you wouldn’t reach anywhere close to the event horizon if it was a stellar black hole. You would freeze before you reach the inner event horizon and get what you call as spaghettified, your legs would experience more gravity than your head and you would be stretched and squeezed at the same time, like a toothpaste coming out of a tube.

and yes, you’ll die.

but in the case of a supermassive black hole, since it’s much larger compared to its mass, the gravity is uniform throughout allowing you to pass smoothly through the event horizon at a speed greater than the speed of light.

once you are moving towards singularity, either of these can happen;

  • you would be warped so hard by the gravity towards the region of singularity and would be crushed down into subatomic particles. This could happen within seconds.
  • the singularity may not affect you at all. You would somehow be passed through the infinite curvature of the singularity and would probably be transported to another galaxy or maybe another universe.
another universe through black hole

who knows? Maybe you will end up in another universe and may never be able to return.

none can say!

5 – is time travel possible through black holes?

In a way, yes. The only difference being that it would be terribly boring. There would be nothing interesting in that sort of time travel.

For example – imagine that you are in a spaceship and your job is to orbit the black hole for one hour. Okay, so you start orbiting this bizarre region. For one whole hour, you stay bored in your ship and after that when you return back to earth, your colleagues say that you’ve gone for 6 long years.

Yes. One hour spend within the orbit of a black hole will be equivalent to 6 years in the Earth. So in a way, you just traveled forward in time, the only difference being you wouldn’t be able to reverse the process. Yeah, pretty boring, right?

orbiting a black hole
orbiting a black hole

This time gap occurs due to the strong gravitational pull within the event horizon of the black hole. This strong gravity warps spacetime within its field causing it to slow down.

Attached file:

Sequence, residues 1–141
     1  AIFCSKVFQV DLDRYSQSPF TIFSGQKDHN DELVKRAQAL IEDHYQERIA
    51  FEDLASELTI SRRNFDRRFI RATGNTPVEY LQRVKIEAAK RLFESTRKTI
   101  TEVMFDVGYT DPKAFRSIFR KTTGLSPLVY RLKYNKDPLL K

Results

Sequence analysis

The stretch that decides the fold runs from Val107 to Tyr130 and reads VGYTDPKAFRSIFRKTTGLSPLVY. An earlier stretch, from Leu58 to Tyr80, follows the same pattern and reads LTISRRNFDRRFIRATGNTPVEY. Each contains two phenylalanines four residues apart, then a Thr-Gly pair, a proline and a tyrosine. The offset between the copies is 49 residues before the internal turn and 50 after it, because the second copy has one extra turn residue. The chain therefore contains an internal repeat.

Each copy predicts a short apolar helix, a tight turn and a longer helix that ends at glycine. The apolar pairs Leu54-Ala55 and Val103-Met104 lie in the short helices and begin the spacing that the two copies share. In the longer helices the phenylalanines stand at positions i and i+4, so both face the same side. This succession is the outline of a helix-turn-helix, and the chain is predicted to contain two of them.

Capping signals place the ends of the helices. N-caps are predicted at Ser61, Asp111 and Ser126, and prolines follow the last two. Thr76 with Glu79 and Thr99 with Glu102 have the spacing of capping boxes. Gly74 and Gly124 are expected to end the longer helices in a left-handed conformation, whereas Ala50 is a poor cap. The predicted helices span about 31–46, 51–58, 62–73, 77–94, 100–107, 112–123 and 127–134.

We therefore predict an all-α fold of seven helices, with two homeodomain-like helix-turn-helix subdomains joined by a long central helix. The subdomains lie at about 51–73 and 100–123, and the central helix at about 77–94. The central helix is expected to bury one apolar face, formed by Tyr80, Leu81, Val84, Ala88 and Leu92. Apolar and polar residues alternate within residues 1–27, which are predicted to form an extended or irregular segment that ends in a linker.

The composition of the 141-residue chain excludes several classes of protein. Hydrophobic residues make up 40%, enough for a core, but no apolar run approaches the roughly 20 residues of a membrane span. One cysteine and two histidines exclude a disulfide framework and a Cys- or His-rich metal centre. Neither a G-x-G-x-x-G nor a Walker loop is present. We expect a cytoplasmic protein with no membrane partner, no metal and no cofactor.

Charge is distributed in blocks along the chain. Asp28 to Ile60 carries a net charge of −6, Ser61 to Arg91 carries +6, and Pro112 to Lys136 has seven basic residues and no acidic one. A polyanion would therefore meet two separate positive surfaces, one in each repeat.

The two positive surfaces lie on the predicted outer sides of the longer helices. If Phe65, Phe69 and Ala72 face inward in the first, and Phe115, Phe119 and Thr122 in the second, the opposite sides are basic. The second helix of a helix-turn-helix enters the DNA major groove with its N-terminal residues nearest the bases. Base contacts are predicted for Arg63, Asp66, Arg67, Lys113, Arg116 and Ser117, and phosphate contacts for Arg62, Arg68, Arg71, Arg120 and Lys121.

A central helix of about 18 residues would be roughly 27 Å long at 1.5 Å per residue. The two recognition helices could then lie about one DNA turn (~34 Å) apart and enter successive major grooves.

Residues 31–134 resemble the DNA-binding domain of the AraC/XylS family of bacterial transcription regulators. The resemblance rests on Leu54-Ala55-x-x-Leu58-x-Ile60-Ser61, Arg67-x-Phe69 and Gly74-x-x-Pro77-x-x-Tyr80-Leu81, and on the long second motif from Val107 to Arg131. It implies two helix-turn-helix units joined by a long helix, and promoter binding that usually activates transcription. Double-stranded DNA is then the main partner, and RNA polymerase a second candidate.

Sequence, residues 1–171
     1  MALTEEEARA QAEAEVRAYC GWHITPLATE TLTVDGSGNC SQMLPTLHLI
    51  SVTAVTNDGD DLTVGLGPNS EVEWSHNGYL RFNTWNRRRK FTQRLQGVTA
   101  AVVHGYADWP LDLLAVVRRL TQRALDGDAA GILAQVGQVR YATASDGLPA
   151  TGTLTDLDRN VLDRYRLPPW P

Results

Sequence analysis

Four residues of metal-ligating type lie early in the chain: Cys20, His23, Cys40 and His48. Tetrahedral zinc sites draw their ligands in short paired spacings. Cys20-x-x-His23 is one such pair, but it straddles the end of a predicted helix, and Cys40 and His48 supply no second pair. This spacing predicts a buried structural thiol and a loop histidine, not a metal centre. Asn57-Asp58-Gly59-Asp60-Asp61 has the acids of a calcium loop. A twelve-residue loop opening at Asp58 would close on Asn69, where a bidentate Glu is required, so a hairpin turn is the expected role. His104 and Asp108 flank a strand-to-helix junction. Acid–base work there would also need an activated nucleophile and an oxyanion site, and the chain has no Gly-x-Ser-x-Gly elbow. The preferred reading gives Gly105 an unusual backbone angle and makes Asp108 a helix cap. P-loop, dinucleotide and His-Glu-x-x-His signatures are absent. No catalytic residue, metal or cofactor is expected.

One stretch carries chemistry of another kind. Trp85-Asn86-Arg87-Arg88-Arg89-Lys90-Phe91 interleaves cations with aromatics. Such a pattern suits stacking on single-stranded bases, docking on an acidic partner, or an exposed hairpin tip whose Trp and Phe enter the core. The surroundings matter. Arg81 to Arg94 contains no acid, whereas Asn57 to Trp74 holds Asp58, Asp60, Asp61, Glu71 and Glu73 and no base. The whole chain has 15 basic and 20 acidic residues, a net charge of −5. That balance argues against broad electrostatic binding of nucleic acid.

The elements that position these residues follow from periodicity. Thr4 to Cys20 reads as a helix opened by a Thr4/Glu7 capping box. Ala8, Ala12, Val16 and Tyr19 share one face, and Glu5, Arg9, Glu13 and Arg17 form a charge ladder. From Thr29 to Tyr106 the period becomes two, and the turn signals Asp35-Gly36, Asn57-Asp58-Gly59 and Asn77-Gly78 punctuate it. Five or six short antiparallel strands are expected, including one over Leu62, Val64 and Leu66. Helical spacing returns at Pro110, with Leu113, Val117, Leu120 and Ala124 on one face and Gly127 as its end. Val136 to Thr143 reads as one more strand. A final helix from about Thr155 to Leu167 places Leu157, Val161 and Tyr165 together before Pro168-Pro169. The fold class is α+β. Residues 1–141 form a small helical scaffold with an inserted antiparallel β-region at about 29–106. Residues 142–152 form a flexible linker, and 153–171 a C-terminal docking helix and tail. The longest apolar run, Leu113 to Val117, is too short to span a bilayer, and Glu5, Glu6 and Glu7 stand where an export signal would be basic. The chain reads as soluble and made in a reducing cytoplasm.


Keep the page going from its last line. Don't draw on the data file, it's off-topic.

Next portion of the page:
Even though time travel to the future is kind of possible, time travel to the past is totally illogical and impossible. According to the grandfather paradox, if you went back in time and killed your grandfather, your father won’t be born and therefore you as a person never existed. So you would be stuck in time, which is impossible according to the laws of physics.

So time travel to the past is an illogical concept from the above perspective. But, famous scientist Leonard Suskind in the late 1970s stated that it is possible to look into the past and future with the help of our very black hole itself.

time travel black hole

He called it the quantum DVR. If a person was able to reach till the outer surface of a black hole and, if he would scan the outer event horizon, he would have access to all information about the past, present, and future of the black hole. He would know about the birth of the universe, secrets of the cosmos, parallel universe and whatever that occurred during the course of existence of the black hole.

But we won’t reach the nearby black hole which is 3500 light-years ahead, with our current technology and resources anytime soon.

So, time travel through the black hole is possible but won’t happen anytime soon. 🙂

6 – will humans ever be able to go near a black hole

We humans have always been curious about everything around us. Space exploration is one such curiosity for us.

But after the discovery of an overwhelmingly powerful region of matter that sucks up almost anything that goes through its path, even light, man’s curiosity got transformed into a fascination, to figure out the secret behind this bizarre region on space.

Black holes are not just empty regions of space for us, they might have answers or they might have the key to all the mysteries of this universe, from it’s birth to all the strange activities that we’ve seen so far.

Do you realize that if you fall into a black hole, you will see the entire future of the Universe unfold in front of you in a matter of moments and you will emerge into another space-time created by the singularity of the black hole you just fell into?

It’s an excerpt from the book HOST OF COSMOS: A SPACETIME ODYSSEY by Neil Degrasse Tyson. A renowned American astrophysicist, author, and science communicator.  it’s a must-read for every single person who has a curious and keen mind when it comes to black holes, space facts, and the cosmos.

best book about universe
the best book about black holes and cosmos (tap for more)